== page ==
Cancer patients, in their medical trajectories, are likely to encounter a variety of diagnostic procedures and operative interventions. Confronted by an expanding array of medical tests and complex surgical options, the mind often reacts with perplexity and apprehension.

Hypnotic techniques are used to reduce anticipatory worry and to regulate sleep and other biological rhythms, thus saving the organism’s energy reserves (Kessler, 1996; Montgomery, 2002). Post-hypnotic suggestions — affirmations designed to actualize themselves at a future time — can express themselves during the operative procedure so as to stabilize physiological parameters, even while anesthesia is administered (Eger, 1999). Postoperatively, hypnotic intervention aims to accelerate the physical and psychological task of convalescent healing (Holden Lund, 1988)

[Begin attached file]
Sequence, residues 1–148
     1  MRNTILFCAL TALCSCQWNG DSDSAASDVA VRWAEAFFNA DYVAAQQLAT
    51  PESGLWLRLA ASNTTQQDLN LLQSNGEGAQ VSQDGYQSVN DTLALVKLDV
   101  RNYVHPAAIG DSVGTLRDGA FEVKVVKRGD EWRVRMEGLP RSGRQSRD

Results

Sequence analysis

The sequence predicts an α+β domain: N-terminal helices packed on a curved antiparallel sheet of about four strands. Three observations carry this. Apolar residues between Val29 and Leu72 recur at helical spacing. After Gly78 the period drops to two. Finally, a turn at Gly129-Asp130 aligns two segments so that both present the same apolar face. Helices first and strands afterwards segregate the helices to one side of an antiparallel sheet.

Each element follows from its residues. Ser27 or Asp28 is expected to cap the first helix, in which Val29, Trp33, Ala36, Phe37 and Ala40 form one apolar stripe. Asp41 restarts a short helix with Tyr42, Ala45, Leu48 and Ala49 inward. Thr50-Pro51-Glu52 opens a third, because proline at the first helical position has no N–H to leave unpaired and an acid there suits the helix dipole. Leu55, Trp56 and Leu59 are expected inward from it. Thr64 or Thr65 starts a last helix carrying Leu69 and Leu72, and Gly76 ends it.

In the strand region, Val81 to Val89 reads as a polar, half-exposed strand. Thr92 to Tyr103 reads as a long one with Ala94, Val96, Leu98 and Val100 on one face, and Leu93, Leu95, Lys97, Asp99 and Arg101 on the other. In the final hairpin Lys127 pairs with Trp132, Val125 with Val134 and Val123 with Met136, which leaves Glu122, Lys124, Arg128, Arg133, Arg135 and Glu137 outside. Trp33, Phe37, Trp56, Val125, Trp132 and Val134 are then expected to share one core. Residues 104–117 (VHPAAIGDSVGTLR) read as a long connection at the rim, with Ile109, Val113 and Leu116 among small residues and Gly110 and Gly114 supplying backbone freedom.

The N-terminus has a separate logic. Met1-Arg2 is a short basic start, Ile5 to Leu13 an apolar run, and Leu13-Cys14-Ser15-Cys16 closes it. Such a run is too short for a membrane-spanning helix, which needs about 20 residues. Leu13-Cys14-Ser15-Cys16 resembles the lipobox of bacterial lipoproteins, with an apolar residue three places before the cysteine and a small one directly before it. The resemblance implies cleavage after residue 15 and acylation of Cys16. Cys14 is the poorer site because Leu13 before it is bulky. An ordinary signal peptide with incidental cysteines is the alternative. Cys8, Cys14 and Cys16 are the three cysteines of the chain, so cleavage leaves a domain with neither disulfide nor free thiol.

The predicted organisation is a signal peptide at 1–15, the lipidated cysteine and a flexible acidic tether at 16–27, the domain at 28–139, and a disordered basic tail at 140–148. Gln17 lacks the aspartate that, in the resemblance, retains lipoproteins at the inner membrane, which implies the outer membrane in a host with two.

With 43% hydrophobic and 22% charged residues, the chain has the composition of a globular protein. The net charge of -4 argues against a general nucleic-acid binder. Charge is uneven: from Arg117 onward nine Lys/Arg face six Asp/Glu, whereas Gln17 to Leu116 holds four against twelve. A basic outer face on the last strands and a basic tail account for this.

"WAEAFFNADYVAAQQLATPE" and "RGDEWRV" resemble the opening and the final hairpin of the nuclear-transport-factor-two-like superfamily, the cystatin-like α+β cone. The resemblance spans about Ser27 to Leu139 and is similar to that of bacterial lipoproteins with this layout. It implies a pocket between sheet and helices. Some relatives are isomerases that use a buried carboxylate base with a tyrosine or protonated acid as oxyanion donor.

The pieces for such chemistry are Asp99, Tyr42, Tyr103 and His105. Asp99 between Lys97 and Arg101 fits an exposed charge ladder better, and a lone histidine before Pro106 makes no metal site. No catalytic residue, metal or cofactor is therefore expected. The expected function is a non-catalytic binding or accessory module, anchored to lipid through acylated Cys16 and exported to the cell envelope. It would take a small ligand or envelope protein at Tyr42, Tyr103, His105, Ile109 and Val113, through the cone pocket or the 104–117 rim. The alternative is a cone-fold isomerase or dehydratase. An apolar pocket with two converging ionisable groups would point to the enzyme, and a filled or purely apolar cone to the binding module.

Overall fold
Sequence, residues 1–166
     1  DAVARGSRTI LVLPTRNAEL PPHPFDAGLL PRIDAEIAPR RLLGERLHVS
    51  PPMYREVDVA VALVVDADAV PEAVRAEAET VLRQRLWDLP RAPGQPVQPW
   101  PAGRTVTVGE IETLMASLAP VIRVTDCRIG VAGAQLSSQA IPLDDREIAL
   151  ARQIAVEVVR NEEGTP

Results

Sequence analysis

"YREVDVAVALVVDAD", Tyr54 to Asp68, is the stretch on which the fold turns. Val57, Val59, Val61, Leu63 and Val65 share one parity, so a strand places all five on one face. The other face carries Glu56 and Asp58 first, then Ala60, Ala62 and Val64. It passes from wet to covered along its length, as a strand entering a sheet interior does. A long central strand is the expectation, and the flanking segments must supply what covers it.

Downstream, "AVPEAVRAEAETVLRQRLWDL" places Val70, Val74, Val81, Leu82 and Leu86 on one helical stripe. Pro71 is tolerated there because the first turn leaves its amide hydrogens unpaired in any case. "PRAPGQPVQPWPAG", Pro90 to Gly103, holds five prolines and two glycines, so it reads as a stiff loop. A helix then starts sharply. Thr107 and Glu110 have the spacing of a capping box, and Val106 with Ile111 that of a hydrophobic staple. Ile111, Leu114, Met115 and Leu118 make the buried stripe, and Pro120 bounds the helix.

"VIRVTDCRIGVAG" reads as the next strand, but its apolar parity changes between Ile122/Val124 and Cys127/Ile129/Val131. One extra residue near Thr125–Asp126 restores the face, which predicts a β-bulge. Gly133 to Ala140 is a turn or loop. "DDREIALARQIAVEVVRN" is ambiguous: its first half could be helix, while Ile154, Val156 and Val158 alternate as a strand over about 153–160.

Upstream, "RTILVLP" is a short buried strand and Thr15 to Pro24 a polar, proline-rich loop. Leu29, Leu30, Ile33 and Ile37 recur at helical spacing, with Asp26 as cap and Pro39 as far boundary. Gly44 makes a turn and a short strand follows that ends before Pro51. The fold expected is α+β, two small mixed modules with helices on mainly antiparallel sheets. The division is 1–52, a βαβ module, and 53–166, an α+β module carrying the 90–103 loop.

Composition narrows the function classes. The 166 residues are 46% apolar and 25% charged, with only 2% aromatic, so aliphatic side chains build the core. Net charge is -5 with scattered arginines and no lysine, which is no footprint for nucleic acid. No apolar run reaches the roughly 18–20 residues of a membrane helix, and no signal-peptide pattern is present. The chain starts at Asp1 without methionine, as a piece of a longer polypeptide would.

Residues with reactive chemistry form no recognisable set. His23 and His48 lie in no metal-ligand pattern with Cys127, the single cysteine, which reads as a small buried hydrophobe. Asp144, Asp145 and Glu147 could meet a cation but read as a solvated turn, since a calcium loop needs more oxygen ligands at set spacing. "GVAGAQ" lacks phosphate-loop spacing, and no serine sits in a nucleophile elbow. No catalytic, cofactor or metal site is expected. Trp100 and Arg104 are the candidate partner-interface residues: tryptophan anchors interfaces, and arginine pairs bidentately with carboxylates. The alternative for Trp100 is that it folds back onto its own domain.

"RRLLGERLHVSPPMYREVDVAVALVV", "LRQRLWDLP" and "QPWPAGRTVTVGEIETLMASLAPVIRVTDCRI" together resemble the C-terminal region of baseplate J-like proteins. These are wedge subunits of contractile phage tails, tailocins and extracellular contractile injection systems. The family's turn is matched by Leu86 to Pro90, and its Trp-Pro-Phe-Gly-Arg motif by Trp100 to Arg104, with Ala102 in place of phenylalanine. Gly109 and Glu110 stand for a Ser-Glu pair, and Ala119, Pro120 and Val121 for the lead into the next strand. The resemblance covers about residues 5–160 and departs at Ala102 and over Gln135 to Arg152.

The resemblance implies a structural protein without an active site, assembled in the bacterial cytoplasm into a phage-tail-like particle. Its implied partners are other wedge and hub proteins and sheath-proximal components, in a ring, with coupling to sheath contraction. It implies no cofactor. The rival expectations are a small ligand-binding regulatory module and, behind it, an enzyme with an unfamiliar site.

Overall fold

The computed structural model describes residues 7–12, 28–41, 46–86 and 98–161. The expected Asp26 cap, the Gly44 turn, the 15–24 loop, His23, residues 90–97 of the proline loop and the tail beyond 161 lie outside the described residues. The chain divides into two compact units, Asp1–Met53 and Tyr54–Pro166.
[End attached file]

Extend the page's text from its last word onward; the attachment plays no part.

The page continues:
Hypnotic Approaches to Psychological Adjustments to Cancer.
A panoply of emotions is regularly encountered in the psychological response to cancer. Aside from anxiety, which is universal, there can be feelings of helplessness, anger, alienation, aloneness, guilt, low self-esteem, hopelessness, and loss. Hypnotherapy, to be maximally effective, relies heavily upon empathic emotional understanding between patient and hypnotherapist. The following hypnotic techniques can be helpful in achieving psychological harmony.

Learning relaxation, learning self-hypnosis. Relaxation, in its deeper realms, contains feelings of peacefulness, tranquility, and a profound sense of centeredness. Learning and practicing self-hypnosis to kindle these feelings can promote a satisfying sense of self-mastery.